Nîmes, France

Palais de Justice, Nimes, France

Palais de Justice, Nimes. Photo by Wolfgang Staudt.

Why visit Nîmes?

Nîmes is a sizeable, pleasant city of old houses and interesting ancient and modern artefacts in a compact space, but is rather too dominated by cars to be relaxing.
The smart TGV (fast train) station provides an easy way to get there. However, the city is only 42 miles from Avignon so makes an easy day trip by car, even if parking is a nightmare.
Hint – park in any underground park in Nîmes’ tourist triangle (aka L’Ecusson, The Shield).

Nimes, maison carree, France

The Roman Temple known as Maison Carrée, near the Carré d’Art modern art museum. Photo by La tete ailleurs.

Built 2, 000 years ago by Marcus Agrippa (who also possibly constructed the amazing Pont du Gard nearby and the Pantheon in Rome) and in use ever since, the Maison Carrée has wowed tourists through the ages, including Thomas Jefferson who modeled the Virginia state capitol building after it.

Starting life as a temple, it morphed into a Christian church in the 4th century it now houses exhibitions; the surrounds were under redevelopment when the bugcrew were there (see photo at bottom) and found the structure grimy and disappointing. The city is undergoing an ambitious renovation process.

Norman Foster’s Carré d’Art modern art museum, on the other hand, is a great success, a temple of glass, light and art.

Nîmes sights

Les Arenes, Roman amphitheatre, Nimes, France

Les Arenes, a well-preserved Roman amphitheatre, smaller than Arles but in better shape.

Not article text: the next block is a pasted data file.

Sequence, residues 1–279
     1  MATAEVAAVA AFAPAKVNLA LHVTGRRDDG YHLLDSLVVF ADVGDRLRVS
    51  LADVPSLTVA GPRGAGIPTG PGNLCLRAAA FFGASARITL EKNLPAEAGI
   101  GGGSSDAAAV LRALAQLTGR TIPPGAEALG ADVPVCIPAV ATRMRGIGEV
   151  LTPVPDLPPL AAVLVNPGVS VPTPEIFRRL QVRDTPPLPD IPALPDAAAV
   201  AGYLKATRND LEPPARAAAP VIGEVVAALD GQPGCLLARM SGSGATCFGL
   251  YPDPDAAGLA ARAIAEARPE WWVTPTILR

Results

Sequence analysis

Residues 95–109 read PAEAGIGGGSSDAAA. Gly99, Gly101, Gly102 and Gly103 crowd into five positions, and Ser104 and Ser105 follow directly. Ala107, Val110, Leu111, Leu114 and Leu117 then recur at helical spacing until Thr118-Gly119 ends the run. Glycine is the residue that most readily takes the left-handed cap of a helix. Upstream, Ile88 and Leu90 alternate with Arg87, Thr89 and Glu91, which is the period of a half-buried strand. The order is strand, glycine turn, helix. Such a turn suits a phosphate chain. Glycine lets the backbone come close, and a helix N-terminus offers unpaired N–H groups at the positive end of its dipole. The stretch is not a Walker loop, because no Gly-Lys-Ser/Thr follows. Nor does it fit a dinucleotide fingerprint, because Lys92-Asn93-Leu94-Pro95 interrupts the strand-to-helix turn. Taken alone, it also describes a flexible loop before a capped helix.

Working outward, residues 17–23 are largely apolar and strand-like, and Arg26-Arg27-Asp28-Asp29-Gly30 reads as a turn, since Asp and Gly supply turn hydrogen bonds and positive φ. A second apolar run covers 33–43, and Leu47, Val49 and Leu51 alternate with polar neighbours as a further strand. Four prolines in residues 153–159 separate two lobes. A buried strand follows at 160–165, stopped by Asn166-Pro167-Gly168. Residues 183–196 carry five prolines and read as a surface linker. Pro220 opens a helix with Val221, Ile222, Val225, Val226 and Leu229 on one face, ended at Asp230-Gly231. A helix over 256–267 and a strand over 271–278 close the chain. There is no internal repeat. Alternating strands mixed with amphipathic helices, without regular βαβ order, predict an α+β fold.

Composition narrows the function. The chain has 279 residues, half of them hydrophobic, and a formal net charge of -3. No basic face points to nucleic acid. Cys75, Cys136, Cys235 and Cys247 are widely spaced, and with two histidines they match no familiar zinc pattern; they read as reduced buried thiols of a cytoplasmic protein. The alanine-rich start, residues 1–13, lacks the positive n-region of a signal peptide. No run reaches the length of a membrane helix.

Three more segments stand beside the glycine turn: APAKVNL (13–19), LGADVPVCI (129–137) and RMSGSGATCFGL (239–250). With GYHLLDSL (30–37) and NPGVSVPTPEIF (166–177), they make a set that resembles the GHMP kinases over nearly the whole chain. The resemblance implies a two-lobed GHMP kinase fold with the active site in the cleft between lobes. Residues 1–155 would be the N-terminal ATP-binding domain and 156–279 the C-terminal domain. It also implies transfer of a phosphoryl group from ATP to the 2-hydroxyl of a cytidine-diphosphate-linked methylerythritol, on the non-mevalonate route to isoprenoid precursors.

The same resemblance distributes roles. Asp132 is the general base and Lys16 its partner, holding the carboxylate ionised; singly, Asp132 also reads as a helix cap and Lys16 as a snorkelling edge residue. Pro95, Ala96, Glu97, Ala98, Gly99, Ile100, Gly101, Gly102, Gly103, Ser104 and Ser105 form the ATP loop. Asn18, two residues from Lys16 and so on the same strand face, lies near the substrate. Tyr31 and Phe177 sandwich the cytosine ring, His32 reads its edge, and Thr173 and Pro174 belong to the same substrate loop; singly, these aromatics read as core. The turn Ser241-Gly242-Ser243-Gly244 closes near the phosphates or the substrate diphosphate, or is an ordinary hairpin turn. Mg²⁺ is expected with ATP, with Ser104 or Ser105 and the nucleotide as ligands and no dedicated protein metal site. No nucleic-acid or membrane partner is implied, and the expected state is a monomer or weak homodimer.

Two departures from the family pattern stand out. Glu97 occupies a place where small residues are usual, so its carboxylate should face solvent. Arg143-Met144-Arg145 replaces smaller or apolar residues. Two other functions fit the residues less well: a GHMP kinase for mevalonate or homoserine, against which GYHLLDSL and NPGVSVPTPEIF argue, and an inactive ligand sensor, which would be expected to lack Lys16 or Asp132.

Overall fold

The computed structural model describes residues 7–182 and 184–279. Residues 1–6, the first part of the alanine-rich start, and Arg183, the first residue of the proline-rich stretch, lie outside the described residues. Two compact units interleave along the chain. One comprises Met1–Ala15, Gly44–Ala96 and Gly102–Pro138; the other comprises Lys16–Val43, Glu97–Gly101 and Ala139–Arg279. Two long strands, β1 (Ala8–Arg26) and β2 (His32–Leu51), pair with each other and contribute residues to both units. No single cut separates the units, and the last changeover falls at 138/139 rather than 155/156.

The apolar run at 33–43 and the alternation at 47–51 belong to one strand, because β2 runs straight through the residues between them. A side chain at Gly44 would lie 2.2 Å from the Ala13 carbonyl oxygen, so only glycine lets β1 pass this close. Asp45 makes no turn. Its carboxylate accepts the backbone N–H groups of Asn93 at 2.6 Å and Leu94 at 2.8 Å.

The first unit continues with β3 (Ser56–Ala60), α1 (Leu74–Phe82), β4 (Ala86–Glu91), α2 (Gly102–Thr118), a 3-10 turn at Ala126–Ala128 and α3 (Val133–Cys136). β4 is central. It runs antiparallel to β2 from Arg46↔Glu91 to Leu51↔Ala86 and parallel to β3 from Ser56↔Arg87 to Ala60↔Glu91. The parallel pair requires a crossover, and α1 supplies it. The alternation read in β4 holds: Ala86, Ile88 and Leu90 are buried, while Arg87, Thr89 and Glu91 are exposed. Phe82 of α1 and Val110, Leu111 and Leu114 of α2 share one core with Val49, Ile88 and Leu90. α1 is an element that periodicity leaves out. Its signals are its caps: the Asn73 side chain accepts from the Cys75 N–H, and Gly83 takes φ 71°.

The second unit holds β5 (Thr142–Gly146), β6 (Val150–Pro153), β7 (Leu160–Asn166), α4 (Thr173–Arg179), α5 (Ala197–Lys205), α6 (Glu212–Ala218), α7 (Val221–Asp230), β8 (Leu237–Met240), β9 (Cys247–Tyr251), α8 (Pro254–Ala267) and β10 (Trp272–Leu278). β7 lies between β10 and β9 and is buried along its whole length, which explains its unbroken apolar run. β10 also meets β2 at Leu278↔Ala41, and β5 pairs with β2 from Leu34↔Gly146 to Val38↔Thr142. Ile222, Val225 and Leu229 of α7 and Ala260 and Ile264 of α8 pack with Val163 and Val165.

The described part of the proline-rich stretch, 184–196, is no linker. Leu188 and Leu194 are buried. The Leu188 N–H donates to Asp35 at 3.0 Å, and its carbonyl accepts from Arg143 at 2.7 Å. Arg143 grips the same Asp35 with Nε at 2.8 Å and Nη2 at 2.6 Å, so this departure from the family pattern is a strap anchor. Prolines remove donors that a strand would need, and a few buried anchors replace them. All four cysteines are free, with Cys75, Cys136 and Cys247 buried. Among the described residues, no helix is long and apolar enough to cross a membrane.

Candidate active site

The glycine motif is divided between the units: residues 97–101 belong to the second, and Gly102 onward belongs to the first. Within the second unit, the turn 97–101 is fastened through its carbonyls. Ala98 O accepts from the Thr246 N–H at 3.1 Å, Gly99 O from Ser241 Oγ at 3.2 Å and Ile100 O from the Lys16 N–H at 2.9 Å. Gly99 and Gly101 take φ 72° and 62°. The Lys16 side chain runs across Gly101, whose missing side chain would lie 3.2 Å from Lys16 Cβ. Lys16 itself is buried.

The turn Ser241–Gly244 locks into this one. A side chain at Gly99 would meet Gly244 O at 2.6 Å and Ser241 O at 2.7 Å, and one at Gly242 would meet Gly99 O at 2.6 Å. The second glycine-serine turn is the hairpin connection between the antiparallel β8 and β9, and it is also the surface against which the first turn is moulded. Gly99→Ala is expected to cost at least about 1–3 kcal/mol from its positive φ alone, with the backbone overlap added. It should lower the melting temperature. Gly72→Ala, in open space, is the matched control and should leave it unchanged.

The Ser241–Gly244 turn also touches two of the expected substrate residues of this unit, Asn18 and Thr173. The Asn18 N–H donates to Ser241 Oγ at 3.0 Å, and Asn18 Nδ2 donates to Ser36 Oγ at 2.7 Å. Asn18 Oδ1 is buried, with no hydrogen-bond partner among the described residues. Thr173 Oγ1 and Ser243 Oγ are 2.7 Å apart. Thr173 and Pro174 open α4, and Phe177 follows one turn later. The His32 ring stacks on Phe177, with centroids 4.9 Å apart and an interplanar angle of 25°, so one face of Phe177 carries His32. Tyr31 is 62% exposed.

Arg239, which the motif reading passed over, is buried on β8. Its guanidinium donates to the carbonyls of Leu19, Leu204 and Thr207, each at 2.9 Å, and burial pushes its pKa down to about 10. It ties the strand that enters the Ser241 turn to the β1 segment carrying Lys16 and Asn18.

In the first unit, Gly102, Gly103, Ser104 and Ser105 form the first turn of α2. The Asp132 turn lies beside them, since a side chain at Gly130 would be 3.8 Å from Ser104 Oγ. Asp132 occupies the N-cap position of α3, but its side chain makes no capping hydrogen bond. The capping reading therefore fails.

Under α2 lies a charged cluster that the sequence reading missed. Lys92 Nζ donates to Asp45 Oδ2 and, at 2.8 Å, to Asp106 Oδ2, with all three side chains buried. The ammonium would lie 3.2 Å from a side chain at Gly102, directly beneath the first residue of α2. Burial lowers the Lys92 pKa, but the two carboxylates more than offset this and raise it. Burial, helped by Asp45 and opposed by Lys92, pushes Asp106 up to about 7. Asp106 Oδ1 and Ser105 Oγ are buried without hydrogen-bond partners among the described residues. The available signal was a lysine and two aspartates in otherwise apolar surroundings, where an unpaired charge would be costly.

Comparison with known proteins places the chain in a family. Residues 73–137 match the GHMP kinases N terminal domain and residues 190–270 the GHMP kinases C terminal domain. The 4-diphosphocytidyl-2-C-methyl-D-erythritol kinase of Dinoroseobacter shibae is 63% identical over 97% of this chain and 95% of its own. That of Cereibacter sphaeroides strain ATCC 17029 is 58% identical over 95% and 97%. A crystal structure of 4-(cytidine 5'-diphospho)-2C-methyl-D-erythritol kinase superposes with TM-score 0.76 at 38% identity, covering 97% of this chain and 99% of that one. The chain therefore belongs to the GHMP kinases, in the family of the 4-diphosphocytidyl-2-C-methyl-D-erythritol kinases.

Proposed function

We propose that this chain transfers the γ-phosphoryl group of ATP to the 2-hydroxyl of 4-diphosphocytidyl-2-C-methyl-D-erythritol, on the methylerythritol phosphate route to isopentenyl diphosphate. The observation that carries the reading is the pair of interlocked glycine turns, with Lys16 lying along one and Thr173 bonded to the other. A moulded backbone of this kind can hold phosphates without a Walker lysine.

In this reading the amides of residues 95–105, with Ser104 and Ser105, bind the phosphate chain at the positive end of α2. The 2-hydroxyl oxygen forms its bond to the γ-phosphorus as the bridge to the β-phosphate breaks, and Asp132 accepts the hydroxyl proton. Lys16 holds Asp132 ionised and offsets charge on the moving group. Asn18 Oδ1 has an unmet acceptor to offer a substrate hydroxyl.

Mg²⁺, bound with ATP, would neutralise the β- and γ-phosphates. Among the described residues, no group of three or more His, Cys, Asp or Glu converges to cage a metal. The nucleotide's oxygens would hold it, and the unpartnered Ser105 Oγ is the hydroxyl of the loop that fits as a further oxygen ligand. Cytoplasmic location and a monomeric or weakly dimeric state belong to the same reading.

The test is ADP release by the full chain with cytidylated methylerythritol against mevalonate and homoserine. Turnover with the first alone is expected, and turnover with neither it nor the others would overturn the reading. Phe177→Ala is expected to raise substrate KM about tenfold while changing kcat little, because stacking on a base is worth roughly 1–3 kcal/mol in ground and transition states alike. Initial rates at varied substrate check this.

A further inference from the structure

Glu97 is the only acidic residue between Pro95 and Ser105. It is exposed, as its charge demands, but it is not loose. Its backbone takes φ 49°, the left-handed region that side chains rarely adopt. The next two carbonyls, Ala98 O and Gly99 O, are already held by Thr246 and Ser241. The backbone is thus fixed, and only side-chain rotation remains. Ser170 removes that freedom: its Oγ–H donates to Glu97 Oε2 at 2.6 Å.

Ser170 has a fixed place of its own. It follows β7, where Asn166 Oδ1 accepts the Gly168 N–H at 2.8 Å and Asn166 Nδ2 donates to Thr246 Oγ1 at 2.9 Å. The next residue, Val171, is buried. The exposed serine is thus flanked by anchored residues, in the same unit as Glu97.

Les Arenes is Nîmes’ biggest attraction, a vast stone testament to the Roman’s love of theatre, whether it was gladiator fights, chariot races or criminals being fed to wild animals. Arenes means sands, useful for soaking up blood and the stadium once seated 20, 000 baying spectators.

Like Nîmes’ neighbour Arles, after the Romans left the amphitheatre became first a fortress and then a fortified apartment block, only being restored to more-or-less its original state in the 19th century.

These days Les Arenes is used for concerts and colourful bullfights (feria), though not bullfights to the death; these are Course Camarguaise tournaments where raseteurs try to grab rosettes and similar fancies off the charging bull’s horns.
Arena exits, by the way, were called vomitoria, presumably because they vomited out the masses.

The Castellum, Roman water distribution, Nimes, France

The Castellum is a Roman-constructed water distribution system.

Water coming to the town via the awesome Pont du Gard aqueduct arrived through the square hole at the back of the Castellum and was then separated into lead channels, sending the precious fluid to fountains, monuments and domestic consumption taps around the city.

Nimes' canal, France

One of Nîmes’ traditional shady canals.

Some of Nîmes’ other attractions include the 18th century Jardins de la Fontaine(photo below), a tranquil space built around the spring that triggered the first habitation in the area and liberally scattered with marble statues and vases; The Temple of Diane, about which little is known except it was built by the Romans; the octagonal Magne Tower with great views over the city; Porte Auguste and Porte de France old town gates.

Not far out of town is the astonishing Pont du Gard aqueduct.

Jardins de la Fontaine, Nimes, France

Jardins de la Fontaine. Photo by Chatsam.

Apart from the superb new contemporary art museum, Carré d’Art, Nîmes has other fine offerings: Musée d’Archéologie is loaded with wonderful Roman relics – statues, mosaics, glass, daily items; Muséum d’Histoire Naturelle offers Iron Age standing stones and implements; Musée des Beaux-Arts, an eclectic collection of paintings and mosaics in a lovely environment; and finally, a Bullfighting Museum.

The city’s tourist triangle is walkable and still being improved but there’s a La Citadine bus that runs a loop from the station including main sights.

Cathedrale de Notre Dame et St Castor in Nimes, France

Cathedrale de Notre Dame et St Castor in Nimes. Photo by Chatsam.

Getting to Nîmes

– The TGV from Paris (2 hrs 50m) or Lyon (1hr 20m), or just regular train from Avignon.
– Airport at Nîmes-Arles-Camargue.
– Buses from Avignon, Arles and Uzes.
– By car, easily from Arles (via A54), Avignon (N100), Lyon/Orange (A9) Uzes (D979) Pont du Gard (D981).